So far, all attempts to formulate Einstein’s general theory of relativity as a quantum theory have failed. This incompatibility fuels speculation as to whether quantum science can be the right framework for an ultimate theory or even the “world formula”. Now Dr Ludovico Lami, currently a Humboldt Research Fellow in Albert Einstein’s birthplace, is opening a crack in the door to post-quantum theories. Together with international colleagues, the fellow at the Institute for Theoretical Physics at the University of Ulm has established a mathematical connection between superposition, entanglement and quantum cryptography – without any quantum mechanics at all. The findings between physics and mathematics have been published in the journal “Physical Review Letters” (PRL).
Superposition, entanglement and quantum cryptography: all physics students learn about these concepts in their education. Practical applications range from high-performance measuring instruments to quantum computing and tap-proof information exchange via secret keys. Until now, the only mathematical connection was based on quantum mechanics. However, already during his PhD at the Universitat Autὸnoma in Barcelona, Dr Ludovico Lami began to wonder whether there could be a theory-independent cross-connection between entanglement and superposition (superposition). “I had been working on so-called GPTs, which can be used to answer physical questions without making too many assumptions about the underlying theoretical framework. A mathematical conjecture linking the two phenomena was also quickly made – but it turned out to be very difficult to solve,” recalls the Humboldt Research Fellow at Ulm University. He soon found out that a scientist named George Barker had already worked on this mathematical problem in the 1970s – but there had been no progress for over 45 years.
So Ludovico Lami put his international contacts to work and sought help from expert colleagues Dr Carlos Palazuelos in Madrid and Dr Guillaume Aubrun in Lyon, who provided decisive impetus. Using a mixture of convex geometry and functional analysis, they succeeded in solving some special forms of Barker’s conjecture. But it was the collaboration with Dr Martin Plávala from Bratislava (now University of Siegen) that brought the breakthrough: “Thanks to an extension of the spectrum to include algebra, we managed to confirm the conjecture after two weeks of intensive work. It was an inspiring moment,” Lami recounts. The scientists had thus succeeded for the first time in establishing a connection between the three physical concepts entirely without quantum mechanics. This discovery could shake the foundations of physics, because it is theory-independent and possibly universally valid. “In any physical theory, one effect cannot exist without the other. As soon as superposition occurs, entanglement also occurs. And each of these phenomena allows the exchange of information via quantum cryptography,” the researchers emphasise. This insight could pave the way to post-quantum theories, the need for which is justified, for example, by the incompatibility of general relativity and quantum mechanics. The publication was highlighted as an “editor’s suggestion” in the journal PRL.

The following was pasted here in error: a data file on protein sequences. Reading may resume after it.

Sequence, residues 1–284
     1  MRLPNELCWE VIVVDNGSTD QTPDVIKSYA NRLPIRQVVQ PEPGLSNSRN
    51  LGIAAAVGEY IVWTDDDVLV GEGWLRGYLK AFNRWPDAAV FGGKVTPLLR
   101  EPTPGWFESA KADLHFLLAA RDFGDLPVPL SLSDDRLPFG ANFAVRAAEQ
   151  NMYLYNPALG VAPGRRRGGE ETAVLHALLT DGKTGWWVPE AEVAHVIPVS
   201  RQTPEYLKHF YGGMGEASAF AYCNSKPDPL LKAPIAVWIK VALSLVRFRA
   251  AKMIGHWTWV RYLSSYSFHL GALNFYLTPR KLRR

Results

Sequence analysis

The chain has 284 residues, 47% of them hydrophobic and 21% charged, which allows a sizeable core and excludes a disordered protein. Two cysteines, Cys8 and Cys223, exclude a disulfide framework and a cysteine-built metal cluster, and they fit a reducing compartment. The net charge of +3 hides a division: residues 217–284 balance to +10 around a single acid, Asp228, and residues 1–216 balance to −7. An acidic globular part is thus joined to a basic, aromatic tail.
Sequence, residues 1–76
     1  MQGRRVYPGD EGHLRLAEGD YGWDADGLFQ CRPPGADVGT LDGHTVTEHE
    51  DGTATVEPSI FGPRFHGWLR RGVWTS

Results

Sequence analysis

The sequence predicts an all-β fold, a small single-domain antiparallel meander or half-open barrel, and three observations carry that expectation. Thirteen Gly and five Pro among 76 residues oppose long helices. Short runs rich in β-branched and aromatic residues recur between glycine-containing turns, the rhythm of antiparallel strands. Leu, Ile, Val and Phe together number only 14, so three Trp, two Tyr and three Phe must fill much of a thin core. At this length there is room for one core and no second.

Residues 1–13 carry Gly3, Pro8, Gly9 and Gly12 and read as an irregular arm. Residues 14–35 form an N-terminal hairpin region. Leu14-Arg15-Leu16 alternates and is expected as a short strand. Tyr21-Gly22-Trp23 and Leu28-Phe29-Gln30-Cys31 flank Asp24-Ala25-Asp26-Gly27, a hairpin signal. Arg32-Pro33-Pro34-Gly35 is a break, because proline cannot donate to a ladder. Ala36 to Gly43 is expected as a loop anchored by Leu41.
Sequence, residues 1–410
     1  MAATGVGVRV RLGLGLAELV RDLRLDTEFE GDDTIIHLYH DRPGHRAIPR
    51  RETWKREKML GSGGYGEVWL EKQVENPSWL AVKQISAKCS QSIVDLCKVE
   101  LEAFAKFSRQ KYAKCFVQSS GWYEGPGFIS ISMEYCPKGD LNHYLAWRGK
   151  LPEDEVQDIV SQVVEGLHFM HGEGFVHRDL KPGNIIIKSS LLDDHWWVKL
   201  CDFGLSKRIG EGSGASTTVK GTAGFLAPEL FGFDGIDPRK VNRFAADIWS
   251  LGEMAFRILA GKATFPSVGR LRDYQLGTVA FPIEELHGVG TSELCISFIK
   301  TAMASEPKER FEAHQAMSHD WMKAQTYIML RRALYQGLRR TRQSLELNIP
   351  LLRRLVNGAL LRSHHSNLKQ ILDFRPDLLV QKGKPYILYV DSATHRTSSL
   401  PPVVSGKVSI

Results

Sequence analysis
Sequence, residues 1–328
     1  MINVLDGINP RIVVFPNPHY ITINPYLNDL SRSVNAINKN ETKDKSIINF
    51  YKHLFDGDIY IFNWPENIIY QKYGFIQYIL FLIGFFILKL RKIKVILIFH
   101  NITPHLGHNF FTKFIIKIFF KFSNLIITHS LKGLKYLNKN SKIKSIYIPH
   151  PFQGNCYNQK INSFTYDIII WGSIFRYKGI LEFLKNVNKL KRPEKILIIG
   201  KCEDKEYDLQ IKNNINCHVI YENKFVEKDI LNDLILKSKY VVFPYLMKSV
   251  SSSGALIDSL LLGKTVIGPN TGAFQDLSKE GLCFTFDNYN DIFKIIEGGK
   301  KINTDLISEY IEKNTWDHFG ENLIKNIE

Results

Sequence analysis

Dr Ludovico Lami, who studied in Pisa and previously conducted research at the University of Nottingham, has been a Humboldt Research Fellow at the University of Ulm since the end of 2020. Since then, he has repeatedly conducted research at the Institute for Theoretical Physics and has had the opportunity to travel to international conferences and cooperation partners. The 32-year-old Italian explicitly chose the University of Ulm: “Professor Martin Plenio is very well known in my field and is a respected expert in quantum entanglement,” says Lami. Institute Director Martin Plenio himself moved from Great Britain to Ulm as an Alexander von Humboldt Professor in 2009.
About Humboldt Research Fellowships
Humboldt Research Fellowships support above-average qualified post-docs or experienced researchers from all over the world. Such fellowships enable long-term research stays of up to 24 months in total in Germany. The Humboldt Research Fellows are free to choose their host and research project. After their stay, fellows remain connected to the Foundation and their hosts through alumni sponsorship.Photos: private, Eberhardt/Montage: Eberhardt/Uni Ulm]:
Dr. Ludovico Lami (left), Humboldt Research Fellow at the Institute for Theoretical Physics at Ulm University, and Institute Director Prof. Martin Plenio